Food aggression can be dangerous so it is important that if your dog starts to show signs of food aggression make sure you take the time to stop this behavior.  Again, if you are having problems doing this on your own, please seek professional help.
Food aggression is a subtype of possessive aggression. Possessive aggression occurs when a dog displays aggression (show teeth, growl, snap, lunge, bite) related to any item that the dog considers valuable, such as food, toys, resting place, etc. Three types of food aggression are defined below.
  1. Mild Food Aggression: Dog shows teeth and/or growls when approached or touched by a person or fake hand when in possession of or near food or a food-related item.
  2. Moderate Food Aggression: Dog snaps and/or lunges when approached or touched by a person or fake hand when in possession of or near food or a food-related item.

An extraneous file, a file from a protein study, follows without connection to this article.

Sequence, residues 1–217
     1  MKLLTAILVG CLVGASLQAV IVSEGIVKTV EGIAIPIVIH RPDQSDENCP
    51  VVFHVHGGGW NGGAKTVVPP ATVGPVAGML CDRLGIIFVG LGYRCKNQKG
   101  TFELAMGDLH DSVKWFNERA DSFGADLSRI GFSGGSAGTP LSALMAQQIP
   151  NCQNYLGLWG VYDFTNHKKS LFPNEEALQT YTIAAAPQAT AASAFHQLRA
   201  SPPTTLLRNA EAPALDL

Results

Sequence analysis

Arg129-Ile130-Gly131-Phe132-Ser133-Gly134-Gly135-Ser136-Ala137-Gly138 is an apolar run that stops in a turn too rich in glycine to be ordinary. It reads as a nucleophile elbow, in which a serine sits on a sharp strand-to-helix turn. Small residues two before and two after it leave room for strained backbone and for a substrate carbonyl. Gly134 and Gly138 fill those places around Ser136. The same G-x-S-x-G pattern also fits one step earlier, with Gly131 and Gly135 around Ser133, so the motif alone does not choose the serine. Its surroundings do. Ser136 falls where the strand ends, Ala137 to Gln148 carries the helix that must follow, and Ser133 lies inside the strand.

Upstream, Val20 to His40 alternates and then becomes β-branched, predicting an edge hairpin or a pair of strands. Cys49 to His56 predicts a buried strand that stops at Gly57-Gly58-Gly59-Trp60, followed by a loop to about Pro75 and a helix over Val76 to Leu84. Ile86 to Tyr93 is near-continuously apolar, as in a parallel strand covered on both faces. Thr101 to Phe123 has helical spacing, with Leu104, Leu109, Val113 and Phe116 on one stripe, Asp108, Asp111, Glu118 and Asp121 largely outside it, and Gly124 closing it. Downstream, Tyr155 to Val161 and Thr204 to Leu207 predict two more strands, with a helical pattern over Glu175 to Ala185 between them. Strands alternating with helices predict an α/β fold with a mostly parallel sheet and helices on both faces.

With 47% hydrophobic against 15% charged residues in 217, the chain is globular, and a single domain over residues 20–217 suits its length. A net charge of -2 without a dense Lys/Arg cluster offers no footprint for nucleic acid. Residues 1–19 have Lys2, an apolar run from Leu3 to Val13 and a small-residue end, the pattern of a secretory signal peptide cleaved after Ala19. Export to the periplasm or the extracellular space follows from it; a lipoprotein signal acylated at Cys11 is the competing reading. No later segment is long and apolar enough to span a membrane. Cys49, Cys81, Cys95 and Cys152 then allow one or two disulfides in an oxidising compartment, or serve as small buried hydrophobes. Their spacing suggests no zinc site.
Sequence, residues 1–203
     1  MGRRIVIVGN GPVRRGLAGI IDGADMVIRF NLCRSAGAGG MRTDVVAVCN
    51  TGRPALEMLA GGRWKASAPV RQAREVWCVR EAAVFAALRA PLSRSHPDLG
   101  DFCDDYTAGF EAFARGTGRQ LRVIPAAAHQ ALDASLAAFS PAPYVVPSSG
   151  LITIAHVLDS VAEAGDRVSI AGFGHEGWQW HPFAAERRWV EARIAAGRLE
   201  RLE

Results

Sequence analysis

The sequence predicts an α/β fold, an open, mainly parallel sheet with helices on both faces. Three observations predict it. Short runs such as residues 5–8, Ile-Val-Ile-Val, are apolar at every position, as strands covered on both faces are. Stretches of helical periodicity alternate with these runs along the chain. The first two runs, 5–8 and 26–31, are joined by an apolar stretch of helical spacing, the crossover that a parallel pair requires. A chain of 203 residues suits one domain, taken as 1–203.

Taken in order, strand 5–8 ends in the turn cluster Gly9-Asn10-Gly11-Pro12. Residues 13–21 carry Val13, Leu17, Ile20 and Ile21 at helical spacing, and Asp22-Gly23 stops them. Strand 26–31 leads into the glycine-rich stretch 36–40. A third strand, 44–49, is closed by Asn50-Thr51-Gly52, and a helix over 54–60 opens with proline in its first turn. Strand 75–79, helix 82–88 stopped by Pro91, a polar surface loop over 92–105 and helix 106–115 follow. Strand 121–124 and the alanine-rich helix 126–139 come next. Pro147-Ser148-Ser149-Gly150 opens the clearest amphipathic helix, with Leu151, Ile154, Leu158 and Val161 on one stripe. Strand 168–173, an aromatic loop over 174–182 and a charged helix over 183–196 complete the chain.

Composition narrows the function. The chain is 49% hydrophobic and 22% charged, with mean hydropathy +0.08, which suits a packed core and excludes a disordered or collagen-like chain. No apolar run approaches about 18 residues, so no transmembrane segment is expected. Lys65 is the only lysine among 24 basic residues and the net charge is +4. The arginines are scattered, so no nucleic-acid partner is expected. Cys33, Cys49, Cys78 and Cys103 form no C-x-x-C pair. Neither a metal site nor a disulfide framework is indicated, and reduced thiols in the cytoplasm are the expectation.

3. Severe Food Aggression tendencies: Dog bites when approached or touched by a person or fake hand when in possession of or near food or a food-related item.
- See more at: http://centerforshelterdogs.org/Home/DogBehavior/ProblemsandManagement/FoodAggression.aspx#sthash.Pb8uc3q9.dpuf
Food aggression is a subtype of possessive aggression. Possessive aggression occurs when a dog displays aggression (show teeth, growl, snap, lunge, bite) related to any item that the dog considers valuable, such as food, toys, resting place, etc. Three types of food aggression are defined below.
  1. Mild Food Aggression: Dog shows teeth and/or growls when approached or touched by a person or fake hand when in possession of or near food or a food-related item.
  2. Moderate Food Aggression: Dog snaps and/or lunges when approached or touched by a person or fake hand when in possession of or near food or a food-related item.
  3. Severe Food Aggression tendencies: Dog bites when approached or touched by a person or fake hand when in possession of or near food or a food-related item.
- See more at: http://centerforshelterdogs.org/Home/DogBehavior/ProblemsandManagement/FoodAggression.aspx#sthash.Pb8uc3q9.dpuf